Six young people in Fukushima Prefecture, who were aged 18 or under when the nuclear crisis began to unfold there in March 2011, have been diagnosed with thyroid cancer since June, prefectural authorities said Aug. 20.
In addition, 10 children are believed to have developed the same form of cancer.
The prefectural government said it was unlikely there was any link to the reactor meltdowns at the Fukushima No. 1 nuclear power plant triggered by the earthquake and tsunami disaster. Officials explained that thyroid cancer typically develops several years after exposure to radiation.
The prefectural government has so far released thyroid testing results for 193,000 children. The number of children who have been diagnosed as or suspected of having thyroid cancer totaled 44, up from 28 as of June.
Eighteen of them have been diagnosed with thyroid cancer and 25 are showing symptoms of the disease. The remaining child was suspected of having the cancer but was later diagnosed with a benign tumor.
The 44 children and young people who have received definitive or suspected diagnoses of thyroid cancer were aged between 6 and 18 as of March 2011. Their tumors were diagnosed as slow-growing types, ranging in diameter from 5.2 millimeters to 34.1 millimeters.
About 40 percent of them have participated in a survey to determine the level of their whole-body external radiation exposure during the first four months after the nuclear crisis started. Their radiation doses were less than two millisieverts.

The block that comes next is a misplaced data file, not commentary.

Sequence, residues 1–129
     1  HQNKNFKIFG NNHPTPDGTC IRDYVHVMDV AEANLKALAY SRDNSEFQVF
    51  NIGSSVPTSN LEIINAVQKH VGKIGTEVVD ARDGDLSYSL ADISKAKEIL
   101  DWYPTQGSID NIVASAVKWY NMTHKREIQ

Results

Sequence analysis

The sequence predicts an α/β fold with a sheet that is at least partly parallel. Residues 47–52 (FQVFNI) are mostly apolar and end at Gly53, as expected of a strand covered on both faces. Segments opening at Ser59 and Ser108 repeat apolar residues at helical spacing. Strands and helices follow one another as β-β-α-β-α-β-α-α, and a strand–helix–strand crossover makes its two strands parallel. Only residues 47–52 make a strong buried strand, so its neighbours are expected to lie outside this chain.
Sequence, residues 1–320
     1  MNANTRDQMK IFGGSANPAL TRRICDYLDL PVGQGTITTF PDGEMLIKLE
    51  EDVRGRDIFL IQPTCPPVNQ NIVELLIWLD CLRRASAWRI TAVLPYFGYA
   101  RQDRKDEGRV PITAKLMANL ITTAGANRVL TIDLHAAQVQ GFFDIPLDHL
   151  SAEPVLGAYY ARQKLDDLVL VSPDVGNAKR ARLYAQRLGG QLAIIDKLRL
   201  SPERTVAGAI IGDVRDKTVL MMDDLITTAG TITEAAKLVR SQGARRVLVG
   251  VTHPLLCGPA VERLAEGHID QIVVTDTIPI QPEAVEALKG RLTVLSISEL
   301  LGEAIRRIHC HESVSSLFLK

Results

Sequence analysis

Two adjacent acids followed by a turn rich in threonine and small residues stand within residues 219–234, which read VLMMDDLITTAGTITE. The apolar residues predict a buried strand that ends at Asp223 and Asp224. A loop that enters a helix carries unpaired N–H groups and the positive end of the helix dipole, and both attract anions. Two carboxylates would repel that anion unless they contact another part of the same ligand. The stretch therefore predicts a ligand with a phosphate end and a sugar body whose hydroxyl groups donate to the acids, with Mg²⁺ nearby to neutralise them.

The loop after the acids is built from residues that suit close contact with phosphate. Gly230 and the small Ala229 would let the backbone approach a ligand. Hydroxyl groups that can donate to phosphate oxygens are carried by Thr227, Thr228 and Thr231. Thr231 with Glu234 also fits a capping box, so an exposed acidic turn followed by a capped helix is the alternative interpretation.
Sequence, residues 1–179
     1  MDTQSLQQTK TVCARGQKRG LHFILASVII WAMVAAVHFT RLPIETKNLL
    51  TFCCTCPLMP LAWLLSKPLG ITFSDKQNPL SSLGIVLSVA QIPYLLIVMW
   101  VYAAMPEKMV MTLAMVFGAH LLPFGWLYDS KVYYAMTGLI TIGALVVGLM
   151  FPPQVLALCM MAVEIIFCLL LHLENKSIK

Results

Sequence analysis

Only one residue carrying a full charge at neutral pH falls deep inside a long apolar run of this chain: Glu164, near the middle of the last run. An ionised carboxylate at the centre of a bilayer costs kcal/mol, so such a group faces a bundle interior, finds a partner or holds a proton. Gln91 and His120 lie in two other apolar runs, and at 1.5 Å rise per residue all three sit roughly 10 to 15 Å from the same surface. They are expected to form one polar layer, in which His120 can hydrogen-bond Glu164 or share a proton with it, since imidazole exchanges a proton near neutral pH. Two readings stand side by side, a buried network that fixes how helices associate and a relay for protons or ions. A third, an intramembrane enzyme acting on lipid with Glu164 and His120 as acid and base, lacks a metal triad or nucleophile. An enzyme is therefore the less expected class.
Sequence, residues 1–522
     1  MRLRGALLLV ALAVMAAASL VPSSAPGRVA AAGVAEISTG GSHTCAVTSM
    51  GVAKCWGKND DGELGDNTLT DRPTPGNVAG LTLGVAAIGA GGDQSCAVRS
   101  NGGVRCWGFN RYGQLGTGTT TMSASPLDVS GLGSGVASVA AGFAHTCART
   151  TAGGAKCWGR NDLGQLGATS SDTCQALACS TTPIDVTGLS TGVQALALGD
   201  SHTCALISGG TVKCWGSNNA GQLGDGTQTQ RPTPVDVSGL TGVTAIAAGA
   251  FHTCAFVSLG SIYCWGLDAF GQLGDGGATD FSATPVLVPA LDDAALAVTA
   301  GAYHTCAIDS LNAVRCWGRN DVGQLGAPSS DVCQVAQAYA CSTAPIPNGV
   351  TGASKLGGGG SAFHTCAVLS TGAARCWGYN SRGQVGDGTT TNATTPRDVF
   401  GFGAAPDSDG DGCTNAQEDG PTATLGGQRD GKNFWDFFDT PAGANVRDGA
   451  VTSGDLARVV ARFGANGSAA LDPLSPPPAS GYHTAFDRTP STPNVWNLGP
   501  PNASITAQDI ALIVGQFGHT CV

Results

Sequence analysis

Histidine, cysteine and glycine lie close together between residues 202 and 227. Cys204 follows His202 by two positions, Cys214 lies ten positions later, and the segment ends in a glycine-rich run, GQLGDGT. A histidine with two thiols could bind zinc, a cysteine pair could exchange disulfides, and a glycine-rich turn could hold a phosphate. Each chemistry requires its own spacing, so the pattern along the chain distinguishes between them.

A Fukushima prefectural government official said, “It is likely (the 44 children) developed tumors or lumps before the nuclear accident.”
The young people have undergone thyroid testing several times since the disaster, but the sizes of their tumors or lumps have remained roughly the same, according to the prefectural government.
In the case of the Chernobyl disaster in 1986, thyroid cancer cases started to soar four to five years later.
A number of residents have expressed strong dissatisfaction with the Fukushima prefectural government over its interpretation of the effects of radiation exposure, the accuracy of its thyroid testing and the way it discloses information.
The prefectural government said it plans to create a panel of specialists who were not involved in the testing to reassess the results of the thyroid checks. The panel will also re-evaluate the treatment provided to those diagnosed with thyroid cancer, as well as the effects of radiation exposure caused by the nuclear accident.
The prefectural government is in the process of conducting thyroid tests on about 360,000 individuals who were 18 years old or younger and living in Fukushima Prefecture at the time of the disaster. The check-ups will continue throughout their lives. The government also plans to take a new look at the way the tests are conducted to see if there are any problems.
(This article was written by Yuri Oiwa and Teruhiko Nose.)
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